Other Thoughts: I can honestly say that in my mind I hyped this course more than what it was worth. It was a tough course, one that will test you in every aspect of your game. However, to me the fun factor was just not there. Being an out of towner I left feeling disappointed and I can say I would probably not return because of the punishments for even the slightest off shot.
4 of 4 people found this review helpful.
3 Helpful / 1 Not
Pros: This course is extremely challenging from the pro tees.
Good signage and good concrete tee boxes.
There are no cross play issues and the course is sitting on ample land with mature trees which make for some very nice holes.
Cons: This course is as flat as that beer you opened last week and left in your boat. There is simply no elevation change to speak of.
Selectively mowed so that you can spend extra time searching for your disc out in the open where the lack of mowing won't affect your next shot at all but hides your disc well. Yes, it appears that the lack of mowing has the sole purpose of wasting your time as well as that of anyone who is behind you.
You need a spotter on many holes because you are throwing blind. Many shorter holes "feature" blind shots as well.
You really need to wear pants if you are playing this course. Briars and plenty of other things await you in the woods where you will often find your disc.
The difference between the two sets of tees on most holes is the difference between the novice and pro tees in a tourney. On one hole you may have a blind, anhyzer into an impossibly tight approach off the pro tees and an ace run off the am tees with nothing in between. In many cases there is no tee pad for the "Am" tees. Some were marked with a marker that you will only notice when you walk directly over it.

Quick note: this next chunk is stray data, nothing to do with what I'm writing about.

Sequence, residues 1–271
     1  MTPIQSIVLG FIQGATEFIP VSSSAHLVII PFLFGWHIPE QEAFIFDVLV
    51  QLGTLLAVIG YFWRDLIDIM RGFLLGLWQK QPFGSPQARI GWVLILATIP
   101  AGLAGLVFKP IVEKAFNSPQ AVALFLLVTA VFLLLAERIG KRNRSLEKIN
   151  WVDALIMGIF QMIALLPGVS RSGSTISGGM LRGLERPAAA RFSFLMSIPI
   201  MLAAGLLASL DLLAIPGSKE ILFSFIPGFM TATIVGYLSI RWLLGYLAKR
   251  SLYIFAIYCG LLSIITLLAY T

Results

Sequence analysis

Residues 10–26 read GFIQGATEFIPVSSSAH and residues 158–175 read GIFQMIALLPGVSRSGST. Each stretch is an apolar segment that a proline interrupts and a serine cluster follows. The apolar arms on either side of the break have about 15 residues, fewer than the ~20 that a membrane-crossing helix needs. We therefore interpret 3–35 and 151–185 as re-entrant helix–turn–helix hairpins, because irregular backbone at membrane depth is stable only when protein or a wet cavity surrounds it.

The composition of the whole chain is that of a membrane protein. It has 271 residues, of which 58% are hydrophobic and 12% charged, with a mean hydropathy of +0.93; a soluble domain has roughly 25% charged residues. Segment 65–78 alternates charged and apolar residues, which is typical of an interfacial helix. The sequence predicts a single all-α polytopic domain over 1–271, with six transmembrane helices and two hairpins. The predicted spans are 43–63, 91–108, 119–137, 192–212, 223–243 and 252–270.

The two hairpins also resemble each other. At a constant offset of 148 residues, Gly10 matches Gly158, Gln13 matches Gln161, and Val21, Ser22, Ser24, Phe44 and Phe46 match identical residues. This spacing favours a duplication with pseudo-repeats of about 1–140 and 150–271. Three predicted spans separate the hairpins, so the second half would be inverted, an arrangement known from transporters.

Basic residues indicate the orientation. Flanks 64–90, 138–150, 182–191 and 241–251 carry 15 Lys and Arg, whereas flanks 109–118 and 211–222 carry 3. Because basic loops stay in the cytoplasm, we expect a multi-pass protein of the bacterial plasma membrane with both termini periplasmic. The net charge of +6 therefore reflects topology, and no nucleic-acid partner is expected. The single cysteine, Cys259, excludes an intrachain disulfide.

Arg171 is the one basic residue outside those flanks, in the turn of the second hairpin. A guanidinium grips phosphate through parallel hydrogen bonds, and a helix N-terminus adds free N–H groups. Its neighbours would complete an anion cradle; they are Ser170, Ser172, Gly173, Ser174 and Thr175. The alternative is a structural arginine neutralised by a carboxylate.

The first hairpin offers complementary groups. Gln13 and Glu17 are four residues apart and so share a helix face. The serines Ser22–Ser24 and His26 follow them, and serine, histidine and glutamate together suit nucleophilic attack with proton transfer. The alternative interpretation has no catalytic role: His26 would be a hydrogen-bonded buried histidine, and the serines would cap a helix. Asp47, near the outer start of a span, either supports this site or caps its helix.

The design speaks more to someone trying to make a course as hard as possible than of trying to create a fun overall experience. Some of the shorter holes are designated par 4 for a reason. If throwing two short shots around a mando (that you may not realize is there because it can't be seen from the teee) for an opportunity to see the basket sounds like fun to you, this is your course.
The parking lot is a long way from the course and you will need to bring all the water you want with you. No restrooms either on this 21 hole course.
Not beginner friendly at all. This is a course that isn't going to grow the sport any. Hopefully, beginners will go to Greenwood Park, a few miles away.
Other Thoughts: This course is definitely worth playing if you are an experienced player and in the area, but you should take the pars indicated on the official map to heart. There are some birdie opportunities, but there are also some stupidly difficult holes where no driver is welcome. You should also expect a lot of slow play due to the lack of mowing of large open areas and the need to go forward to locate the basket on even short holes.